Heriot-Watt University

Edinburgh 2021

IES partnered with Heriot-Watt University on a pilot project to investigate the potential Energy, Carbon and Cost savings that could be achieved for the Edinburgh campus, using the IES Intelligent Communities Lifecycle (ICL), Digital Twin technology.

Key Facts

  • Initial pilot project measuring and improving performance of three campus buildings: one modern efficient building and two older inefficient buildings
  • Visually dynamic campus model and Command Centre created using ICL Digital Twin Tech
  • Combination of ICL applications used in integration: iCD, iCIM and iSCAN
  • Conservation Measures in older buildings provide potential energy savings of 43% and 44%, and carbon savings of 36% and 39%.

The project set out to create a Command Centre, initially focussing in on three buildings on the Edinburgh campus, with the aim to roll this out to include the entire campus. At the highest level, the ICL Command Centre dashboard would show the entire campus, and the intention was to populate each building model within the campus with real-world data so that there would be a dashboard for each building, allowing the university’s Facilities Management team to visualise performance at campus level and also individual building level.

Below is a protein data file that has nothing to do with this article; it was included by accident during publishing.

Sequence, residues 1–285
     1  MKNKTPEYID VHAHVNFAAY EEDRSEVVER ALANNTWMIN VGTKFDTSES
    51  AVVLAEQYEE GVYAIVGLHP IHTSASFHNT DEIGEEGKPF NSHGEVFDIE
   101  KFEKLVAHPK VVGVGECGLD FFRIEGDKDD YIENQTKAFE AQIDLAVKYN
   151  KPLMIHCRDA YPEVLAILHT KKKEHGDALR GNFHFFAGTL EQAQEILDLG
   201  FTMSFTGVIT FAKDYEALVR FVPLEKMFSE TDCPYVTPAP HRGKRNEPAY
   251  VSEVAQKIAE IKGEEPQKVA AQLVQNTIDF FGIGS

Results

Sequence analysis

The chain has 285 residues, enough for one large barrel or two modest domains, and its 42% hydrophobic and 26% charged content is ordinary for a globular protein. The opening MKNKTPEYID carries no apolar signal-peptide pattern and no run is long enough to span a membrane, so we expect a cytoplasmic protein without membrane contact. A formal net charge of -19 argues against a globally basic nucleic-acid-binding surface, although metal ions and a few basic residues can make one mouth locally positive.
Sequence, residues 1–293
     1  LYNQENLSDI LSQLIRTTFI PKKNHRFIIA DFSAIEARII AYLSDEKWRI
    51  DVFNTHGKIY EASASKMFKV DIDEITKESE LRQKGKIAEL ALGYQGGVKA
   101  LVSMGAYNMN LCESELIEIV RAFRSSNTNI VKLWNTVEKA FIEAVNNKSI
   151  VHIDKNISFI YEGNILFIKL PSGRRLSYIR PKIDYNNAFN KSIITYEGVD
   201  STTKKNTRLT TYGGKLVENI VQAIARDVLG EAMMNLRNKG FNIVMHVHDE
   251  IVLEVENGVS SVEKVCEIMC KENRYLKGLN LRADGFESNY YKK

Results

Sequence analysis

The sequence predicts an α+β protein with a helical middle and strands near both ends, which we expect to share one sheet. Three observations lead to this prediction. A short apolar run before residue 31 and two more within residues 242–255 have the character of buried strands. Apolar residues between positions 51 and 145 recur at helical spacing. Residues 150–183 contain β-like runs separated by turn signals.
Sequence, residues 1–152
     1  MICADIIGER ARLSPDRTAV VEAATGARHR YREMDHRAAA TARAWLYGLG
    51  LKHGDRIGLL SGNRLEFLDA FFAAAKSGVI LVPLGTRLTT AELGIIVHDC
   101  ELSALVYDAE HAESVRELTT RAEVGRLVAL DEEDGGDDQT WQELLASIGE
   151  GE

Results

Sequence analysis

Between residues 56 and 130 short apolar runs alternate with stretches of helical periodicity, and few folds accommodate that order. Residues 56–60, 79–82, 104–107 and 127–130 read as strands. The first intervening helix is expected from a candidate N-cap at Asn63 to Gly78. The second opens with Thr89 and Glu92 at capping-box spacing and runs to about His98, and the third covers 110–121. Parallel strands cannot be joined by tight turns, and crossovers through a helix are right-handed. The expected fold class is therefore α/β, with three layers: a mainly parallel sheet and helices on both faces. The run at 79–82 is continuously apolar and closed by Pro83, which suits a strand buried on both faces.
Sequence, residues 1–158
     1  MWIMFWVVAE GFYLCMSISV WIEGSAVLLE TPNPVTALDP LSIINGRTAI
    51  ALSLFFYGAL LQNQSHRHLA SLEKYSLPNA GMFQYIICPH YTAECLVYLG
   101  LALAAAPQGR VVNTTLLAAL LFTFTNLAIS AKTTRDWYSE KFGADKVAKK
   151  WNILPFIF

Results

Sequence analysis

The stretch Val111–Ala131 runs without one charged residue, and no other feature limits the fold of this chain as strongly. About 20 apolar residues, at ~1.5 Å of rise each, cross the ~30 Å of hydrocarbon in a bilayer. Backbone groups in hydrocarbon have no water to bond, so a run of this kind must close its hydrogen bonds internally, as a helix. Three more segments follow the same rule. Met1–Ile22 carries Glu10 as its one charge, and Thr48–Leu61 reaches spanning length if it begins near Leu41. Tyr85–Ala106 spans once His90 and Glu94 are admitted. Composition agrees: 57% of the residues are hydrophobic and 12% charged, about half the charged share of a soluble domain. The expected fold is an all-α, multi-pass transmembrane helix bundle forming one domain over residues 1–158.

The three buildings of initial focus for this pilot project were:
•The Global, Research, Innovation and Discovery building (GRID) – built in 2019, mixed use, VRV heating/cooling. 
• Edwin Chadwick building – built in 1987, mixed use but with more cellular offices, seminar rooms, lecture rooms and workshop spaces, gas heating.
• Robert Bryson Hall – built in 1992, halls of residence, gas heating. 

A model of the campus was created using IES’ intelligent Community Design tool (iCD), which is part of the ICL Digital Twin suite of technology. This model was built initially from available data on Open Street Map and further edited based on knowledge of the campus. The model is editable, so additional available data could be entered or imported from different sources throughout this pilot project.